These three books reminded me that many students aren’t thinking about summer reading assignments or new lessons during the first weeks of the school year. Instead, they’re worrying about entering or reentering a world where the potential for rejection seems to be around every corner. They’re worrying that their personality, interests or appearance won’t live up to the elusive standards set by their peers or by popular culture.

Sharing stories about characters who also experience these fears will validate students’ concerns about acceptance and identity. These books also remind students who are heading into a new school year without such concerns that their kind words and welcoming smiles can be lifelines for their new and uncertain classmates.


Little Bat in Night School by Brian Lies book coverLittle Bat in Night School
By Brian Lies

Little Bat is excited to begin attending night school for the first time, but when Mama Bat drops him off at a classroom full of various nocturnal animals, he discovers that school isn’t quite what he thought it would be. After two other students reject him (“‘We’re already playing—’ one said. ‘—with each other,’ the other one added.”), Little Bat flies into a cubby to hide. There, he meets an opossum named Ophelia and they become instant comrades. Bolstered by their new friendship, the pair rejoins the class and spends the rest of the night participating in classroom activities such as storytime and recess. Brian Lies’ illustrations are infused with personality, and his straightforward text and witty asides convey an important message with lightness and humor.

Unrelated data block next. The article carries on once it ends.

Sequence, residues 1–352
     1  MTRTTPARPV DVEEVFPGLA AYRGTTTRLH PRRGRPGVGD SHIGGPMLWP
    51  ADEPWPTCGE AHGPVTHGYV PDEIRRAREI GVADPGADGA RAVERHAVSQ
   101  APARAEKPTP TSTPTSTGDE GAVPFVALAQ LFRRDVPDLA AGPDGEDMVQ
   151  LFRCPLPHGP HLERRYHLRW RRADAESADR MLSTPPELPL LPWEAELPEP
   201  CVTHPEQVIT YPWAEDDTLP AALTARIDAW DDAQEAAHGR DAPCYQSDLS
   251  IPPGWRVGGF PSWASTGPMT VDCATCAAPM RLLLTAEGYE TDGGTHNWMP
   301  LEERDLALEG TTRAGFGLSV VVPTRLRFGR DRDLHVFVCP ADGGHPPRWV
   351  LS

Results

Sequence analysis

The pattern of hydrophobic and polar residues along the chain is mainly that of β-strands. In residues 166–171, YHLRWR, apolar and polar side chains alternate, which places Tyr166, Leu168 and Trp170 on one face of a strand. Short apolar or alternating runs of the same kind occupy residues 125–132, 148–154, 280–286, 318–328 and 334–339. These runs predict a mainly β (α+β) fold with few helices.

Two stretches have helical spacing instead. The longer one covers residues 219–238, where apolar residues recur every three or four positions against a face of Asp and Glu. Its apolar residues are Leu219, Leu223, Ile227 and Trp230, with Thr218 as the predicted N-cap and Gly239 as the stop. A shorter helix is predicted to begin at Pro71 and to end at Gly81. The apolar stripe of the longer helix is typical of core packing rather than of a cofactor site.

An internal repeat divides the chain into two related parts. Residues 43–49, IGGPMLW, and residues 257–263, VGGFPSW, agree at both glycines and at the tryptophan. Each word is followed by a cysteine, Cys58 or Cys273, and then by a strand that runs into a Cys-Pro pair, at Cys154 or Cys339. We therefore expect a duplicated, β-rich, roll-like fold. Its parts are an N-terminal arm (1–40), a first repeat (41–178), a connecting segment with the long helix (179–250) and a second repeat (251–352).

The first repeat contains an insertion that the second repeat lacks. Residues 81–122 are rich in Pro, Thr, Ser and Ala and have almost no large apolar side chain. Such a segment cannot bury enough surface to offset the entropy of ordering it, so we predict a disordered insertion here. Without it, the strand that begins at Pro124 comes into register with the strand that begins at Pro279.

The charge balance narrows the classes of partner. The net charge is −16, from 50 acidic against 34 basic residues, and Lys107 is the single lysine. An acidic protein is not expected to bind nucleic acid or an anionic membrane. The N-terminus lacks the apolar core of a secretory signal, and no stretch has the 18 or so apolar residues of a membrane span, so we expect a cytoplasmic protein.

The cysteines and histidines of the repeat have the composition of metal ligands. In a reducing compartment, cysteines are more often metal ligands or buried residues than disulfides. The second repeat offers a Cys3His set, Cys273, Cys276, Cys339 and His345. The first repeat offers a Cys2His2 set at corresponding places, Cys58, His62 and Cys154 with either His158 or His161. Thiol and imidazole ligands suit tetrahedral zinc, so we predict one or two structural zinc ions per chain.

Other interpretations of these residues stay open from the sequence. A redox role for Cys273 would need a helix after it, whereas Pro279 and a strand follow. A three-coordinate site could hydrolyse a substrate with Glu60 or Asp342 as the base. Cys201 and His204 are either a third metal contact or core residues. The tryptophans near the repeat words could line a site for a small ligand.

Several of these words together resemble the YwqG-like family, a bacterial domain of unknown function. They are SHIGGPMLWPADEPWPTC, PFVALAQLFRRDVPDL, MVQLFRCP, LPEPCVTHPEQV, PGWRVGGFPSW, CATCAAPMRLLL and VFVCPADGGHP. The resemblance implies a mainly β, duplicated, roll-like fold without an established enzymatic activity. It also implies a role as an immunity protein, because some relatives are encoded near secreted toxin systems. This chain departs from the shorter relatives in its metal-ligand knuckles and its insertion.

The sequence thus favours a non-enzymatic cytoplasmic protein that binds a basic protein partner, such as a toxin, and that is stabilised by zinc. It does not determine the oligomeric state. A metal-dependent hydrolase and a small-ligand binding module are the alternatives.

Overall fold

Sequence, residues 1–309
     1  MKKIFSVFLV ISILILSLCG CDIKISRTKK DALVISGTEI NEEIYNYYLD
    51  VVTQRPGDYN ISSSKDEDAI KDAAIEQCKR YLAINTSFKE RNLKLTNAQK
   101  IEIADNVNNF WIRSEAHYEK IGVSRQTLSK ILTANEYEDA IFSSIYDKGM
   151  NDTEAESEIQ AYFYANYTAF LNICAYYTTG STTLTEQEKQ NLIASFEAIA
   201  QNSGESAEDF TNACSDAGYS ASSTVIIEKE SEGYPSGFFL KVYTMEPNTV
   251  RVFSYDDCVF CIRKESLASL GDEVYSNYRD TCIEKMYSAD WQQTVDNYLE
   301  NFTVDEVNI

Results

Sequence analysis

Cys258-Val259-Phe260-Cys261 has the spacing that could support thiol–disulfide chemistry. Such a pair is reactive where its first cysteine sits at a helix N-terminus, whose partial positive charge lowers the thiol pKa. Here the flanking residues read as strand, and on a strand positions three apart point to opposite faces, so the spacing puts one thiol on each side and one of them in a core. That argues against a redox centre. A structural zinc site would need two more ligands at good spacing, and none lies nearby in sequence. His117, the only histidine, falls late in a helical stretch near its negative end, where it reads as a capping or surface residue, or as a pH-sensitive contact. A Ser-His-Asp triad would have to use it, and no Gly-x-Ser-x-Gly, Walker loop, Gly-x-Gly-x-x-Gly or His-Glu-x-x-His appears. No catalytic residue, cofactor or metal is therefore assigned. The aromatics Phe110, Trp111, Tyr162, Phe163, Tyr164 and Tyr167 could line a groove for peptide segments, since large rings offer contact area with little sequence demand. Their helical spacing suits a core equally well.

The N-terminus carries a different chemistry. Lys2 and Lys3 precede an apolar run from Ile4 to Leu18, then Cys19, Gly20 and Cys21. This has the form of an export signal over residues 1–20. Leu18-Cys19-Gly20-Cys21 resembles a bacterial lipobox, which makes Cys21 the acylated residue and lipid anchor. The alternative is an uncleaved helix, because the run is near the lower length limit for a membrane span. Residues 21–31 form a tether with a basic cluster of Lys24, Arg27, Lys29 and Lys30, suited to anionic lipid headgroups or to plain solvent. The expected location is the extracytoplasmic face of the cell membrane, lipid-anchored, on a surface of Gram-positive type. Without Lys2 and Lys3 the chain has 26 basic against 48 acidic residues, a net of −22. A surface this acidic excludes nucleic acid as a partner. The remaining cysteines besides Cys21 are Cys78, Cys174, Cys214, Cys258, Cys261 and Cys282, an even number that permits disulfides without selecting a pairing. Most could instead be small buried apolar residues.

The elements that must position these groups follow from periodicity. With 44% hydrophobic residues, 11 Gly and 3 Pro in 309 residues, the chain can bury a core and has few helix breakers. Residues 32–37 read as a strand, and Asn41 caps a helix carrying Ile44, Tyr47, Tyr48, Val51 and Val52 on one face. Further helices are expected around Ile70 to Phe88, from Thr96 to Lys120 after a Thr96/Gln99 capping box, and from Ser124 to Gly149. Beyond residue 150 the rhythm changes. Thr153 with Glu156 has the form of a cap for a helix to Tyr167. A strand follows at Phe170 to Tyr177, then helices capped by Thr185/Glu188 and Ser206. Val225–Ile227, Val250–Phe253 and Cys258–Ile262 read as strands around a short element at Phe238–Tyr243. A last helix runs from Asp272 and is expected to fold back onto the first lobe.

• Creative writing

Pair Little Bat in Night School with another book in Lies’ series of picture books about bats. Bats in the Library is particularly beloved among my students. As a class, decide on a place where you would take a group of bats (for example, to an amusement park, the movie theater or the White House). Lead the class through a creative writing exercise. Provide students with guiding questions, including:

  • What does this place look like at night?
  • What will the bats wear?
  • What will they eat?
  • What will the bats do?
  • Who will they meet?

Afterward, let students work in pairs to write and illustrate their own stories about the bats at the chosen location.

  • Nocturnal animal research

Briefly discuss the other animals in Little Bat’s class, then prompt the class to tell you why these specific animals are Little Bat’s classmates (hint: because they’re all nocturnal animals). Make a graphic organizer on a piece of chart paper. Over the course of a week, read a variety of nonfiction books about these nocturnal animals. As you learn about each  animal, add to the graphic organizer and discuss the animals’ similarities and differences. At the end of the week, read Little Bat at Night School again. Ask the class, “Do the facts we learned over the past week help us better understand Little Bat or his classmates’ personalities, behaviors and classroom activities?”

  • Open art building

One of Little Bat’s favorite classroom activities is building a car out of various odds and ends. Gather a variety of materials (paper towel rolls, pipe cleaners, old CDs, plastic containers and bins, drinking straws, foil pans, fabric scraps, clay, bottle caps, toothpicks, egg cartons, paper plates and so on) and provide plenty of masking tape. Give students free rein to emulate Little Bat and craft a unique creation.